Chicago was more fun than it had a right to be. Carl was moving off to grad school at the same time I was moving off to Chicago, so I had to have someone take care of my stuff. That problem was neatly solved, when my old friend Sandy decided she needed to get out of down town, and move closer to her boyfriend Len. So, she moved into Carl’s recently vacated room, and looked after the place while I was off gallivanting around in the Windy City. I wasn’t there alone, either. I had a partner, a girl named Abby, who was training for the same job I had. It was a little strained, living with a complete stranger for 2 months, but I treated it like a dorm roommate and we got along fine. Besides, my freshman year dorm didn’t have 1200 square feet, 2 bedrooms, 2 bathrooms, and came fully furnished with swank gear, in a swank neighborhood!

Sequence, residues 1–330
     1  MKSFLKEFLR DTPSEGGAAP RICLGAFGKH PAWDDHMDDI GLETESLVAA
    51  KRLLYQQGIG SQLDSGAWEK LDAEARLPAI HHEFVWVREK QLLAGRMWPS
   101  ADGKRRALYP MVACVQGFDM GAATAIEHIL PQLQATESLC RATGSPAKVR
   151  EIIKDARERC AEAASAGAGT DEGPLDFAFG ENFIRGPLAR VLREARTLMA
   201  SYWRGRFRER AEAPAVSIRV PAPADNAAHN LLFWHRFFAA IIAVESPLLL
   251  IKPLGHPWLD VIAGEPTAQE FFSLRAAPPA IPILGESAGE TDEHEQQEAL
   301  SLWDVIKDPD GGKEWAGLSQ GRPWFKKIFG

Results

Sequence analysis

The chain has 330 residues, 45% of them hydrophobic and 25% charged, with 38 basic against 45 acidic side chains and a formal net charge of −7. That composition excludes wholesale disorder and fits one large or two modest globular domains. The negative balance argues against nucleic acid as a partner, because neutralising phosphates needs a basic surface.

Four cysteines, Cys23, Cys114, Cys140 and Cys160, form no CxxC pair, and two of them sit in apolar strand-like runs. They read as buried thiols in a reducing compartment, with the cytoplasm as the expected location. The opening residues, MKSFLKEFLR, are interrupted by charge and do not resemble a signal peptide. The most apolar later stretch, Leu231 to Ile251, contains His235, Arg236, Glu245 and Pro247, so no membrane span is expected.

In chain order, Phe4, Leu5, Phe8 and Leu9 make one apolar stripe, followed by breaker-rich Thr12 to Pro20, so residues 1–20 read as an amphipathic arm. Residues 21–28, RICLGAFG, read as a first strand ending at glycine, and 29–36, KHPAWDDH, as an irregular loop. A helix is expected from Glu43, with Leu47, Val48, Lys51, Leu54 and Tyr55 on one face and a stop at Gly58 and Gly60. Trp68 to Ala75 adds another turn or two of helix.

We had a blast up there… well, I guess I should say I had a blast up there… Abby had never left home before, much left gone to the big city to live with a stranger and work in a corporate office before, so she was in shell shock most of our trip. Not me! I wore that city out! I dragged her out to see the Blue Man Group show, and to the Museums, the Aquarium, and the Navy Pier. I even got to see one of my favorite bands, Delirium, play live in one of the best clubs in Chicago, The Metro! It was unreal, and one of the highlights of the trip. I still regret not getting to the Art Museum, and not buying a framed print of the Chicago skyline at night… These things simply inspire me to go back for vacation sometime soon.